• CNN International  — CNN US, as usual, thinks Americans don’t care what’s happening in the rest of the world. Prove Them Wrong. Set your CNN browser to the International Edition and never, ever change it back.
  • New York Times — the NYT is NOT headlining this story. To find the story, click through “International” and then scroll below the (traditional) fold to find the story.
  • Fox News — Fox is NOT headlining this story either. It is located as a line item in the Latest News subsection.
  • BBC — One of 8 top news stories.
  • Reuters — Not top story but its at least above the fold.
  • Wall Street Journal — Buried in World section (paid content). WSJ is running a Breaking News Banner — announcing the death of an 81 year old person. WSJ can do better.

If you want to make your voice heard by the news outlets, frequent the Websites of media who are covering this story. Write the editorial departments of the ones that are not. Demand they cover the story. Email the stories to everyone you know so they get ranked at the top of the “most emailed.”

Get Engaged via Social Media

  • If you have a Facebook page, publish the story there — make sure your friends and acquaintances have access to information about these kidnappings.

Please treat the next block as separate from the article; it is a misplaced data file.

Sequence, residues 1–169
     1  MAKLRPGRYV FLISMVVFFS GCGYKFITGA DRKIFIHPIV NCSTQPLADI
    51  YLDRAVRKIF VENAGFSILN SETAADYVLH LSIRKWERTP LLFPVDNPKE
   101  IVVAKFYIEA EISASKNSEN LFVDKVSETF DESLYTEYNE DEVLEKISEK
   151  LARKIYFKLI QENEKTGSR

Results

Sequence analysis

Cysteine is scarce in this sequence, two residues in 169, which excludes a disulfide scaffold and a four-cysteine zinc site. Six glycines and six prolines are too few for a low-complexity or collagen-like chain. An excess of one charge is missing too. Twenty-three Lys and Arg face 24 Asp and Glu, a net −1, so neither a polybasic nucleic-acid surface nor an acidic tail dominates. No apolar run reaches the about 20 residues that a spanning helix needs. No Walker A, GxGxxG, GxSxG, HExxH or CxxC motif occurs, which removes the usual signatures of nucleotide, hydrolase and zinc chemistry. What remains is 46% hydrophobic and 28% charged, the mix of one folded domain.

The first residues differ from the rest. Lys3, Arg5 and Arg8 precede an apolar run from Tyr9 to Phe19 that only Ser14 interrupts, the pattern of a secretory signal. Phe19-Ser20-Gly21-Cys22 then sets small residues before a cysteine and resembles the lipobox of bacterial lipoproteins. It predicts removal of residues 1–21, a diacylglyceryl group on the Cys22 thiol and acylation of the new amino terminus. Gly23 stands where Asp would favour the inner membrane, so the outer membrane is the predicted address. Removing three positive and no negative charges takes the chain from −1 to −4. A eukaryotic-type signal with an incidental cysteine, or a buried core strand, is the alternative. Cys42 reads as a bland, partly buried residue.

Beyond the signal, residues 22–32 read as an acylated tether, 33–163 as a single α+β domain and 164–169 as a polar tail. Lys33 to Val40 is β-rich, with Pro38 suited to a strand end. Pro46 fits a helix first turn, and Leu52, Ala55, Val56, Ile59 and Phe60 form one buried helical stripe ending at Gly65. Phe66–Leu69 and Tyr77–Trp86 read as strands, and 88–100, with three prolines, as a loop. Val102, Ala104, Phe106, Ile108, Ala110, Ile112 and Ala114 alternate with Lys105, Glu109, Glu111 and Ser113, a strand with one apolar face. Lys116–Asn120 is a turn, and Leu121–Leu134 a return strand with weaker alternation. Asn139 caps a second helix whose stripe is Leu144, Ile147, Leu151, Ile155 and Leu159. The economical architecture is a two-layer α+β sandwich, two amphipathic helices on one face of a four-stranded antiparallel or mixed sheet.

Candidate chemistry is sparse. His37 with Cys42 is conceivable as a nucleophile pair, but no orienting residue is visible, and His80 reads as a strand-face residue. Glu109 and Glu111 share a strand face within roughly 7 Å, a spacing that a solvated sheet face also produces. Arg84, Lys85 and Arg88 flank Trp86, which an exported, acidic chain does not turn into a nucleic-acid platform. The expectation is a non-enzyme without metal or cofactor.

• If you have a Twitter account, tweet at #bringourgirlsback and at #bringbackourgirls– join the conversation


  • If you need some words to help you, read Sarah Bessey’s prayer that she posted this morning. She will usher you right into God’s presence. As Brian taught two weeks ago, a small faith in a great God is capable of planting the tree of life in the dead center of chaos and evil. Pray with me. Pray for their safety. Pray for their escape. Pray that God would raise up an army of rescuers. Pray that God fill the storehouses full of resources to help these girls reunite with their families, process their trauma, return to their studies and shape their world with their gifts. Pray not one of them is lost to us. Not one.